The Hot New Park at the Center of the Republican Convention

The Hot New Park at the Center of the Republican Convention
© Bob Perkoski

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The hot new park at the center of the republican convention
© Bob Perkoski

Just in time to play a starring role in next week’s Republican National Convention, Cleveland’s most iconic civic space has undergone a $50-million face-lift.

Public Square, for the past century little more than an unpleasant traffic-clogged intersection at the center of the city, is again a park for people—six acres of swooping promenades lined with sinuous sculptural seating, lush gardens and a public lawn.

Designed by urban landscape guru James Corner, the guy behind Manhattan’s widely lauded High Line, the new Public Square, only a few blocks from Quicken Arena, will be one of the most visible public protest zones during the convention. Corner’s philosophy about urban open space has as much to do with promoting civic involvement and democracy as it is does recreation, which makes the timing of the convention all the more fitting. Members of the public are already signing up for half-hour speaking slots on the Square’s new public stage—nearly the same spot where in the 19th century famous orators like Stephen Douglas, Horace Greeley and Sam Houston, and William McKinley once spoke to thousands.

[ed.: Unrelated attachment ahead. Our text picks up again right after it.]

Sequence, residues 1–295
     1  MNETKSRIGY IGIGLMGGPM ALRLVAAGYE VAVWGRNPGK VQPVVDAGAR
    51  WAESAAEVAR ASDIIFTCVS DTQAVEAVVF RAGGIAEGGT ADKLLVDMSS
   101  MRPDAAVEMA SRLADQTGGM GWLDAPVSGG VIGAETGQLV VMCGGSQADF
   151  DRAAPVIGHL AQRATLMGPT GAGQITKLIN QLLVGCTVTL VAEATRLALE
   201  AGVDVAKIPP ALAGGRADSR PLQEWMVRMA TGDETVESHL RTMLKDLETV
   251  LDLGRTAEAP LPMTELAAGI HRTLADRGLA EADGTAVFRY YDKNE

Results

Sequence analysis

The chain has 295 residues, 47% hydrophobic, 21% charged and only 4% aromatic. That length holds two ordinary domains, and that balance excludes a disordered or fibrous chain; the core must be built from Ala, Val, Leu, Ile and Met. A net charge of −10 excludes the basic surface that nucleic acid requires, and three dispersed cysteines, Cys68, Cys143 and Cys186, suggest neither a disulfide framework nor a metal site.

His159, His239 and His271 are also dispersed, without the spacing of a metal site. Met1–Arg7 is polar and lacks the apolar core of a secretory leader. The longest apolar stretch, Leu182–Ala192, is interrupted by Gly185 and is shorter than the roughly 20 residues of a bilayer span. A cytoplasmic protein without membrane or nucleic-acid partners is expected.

It’s the keystone of an ambitious effort to reknit the Forest City’s grand, Progressive Era public spaces, and one Clevelanders hope will solidify their downtown’s quiet renaissance. “We were certain that if something dramatic wasn’t done to improve our public spaces, we would not see the potential realized for downtown,” says Ann Zoller, executive director of the LAND Studio, a nonprofit that plans and designs the city’s public spaces and played a central role in the Public Square redesign. “And we didn’t want to just check the box, we wanted to do it at a world-class level.”

The remake of Public Square links the once moribund downtown with the city’s 26-acre mall— the grand, European-style civic space designed by David Burnham at the turn of the 19th century that includes the city’s grand auditorium, court house and city hall—and the Lake Erie waterfront beyond, long stranded behind rail and highway corridors. Reconnect these spaces, the idea goes, and you unlock their latent potential. […]


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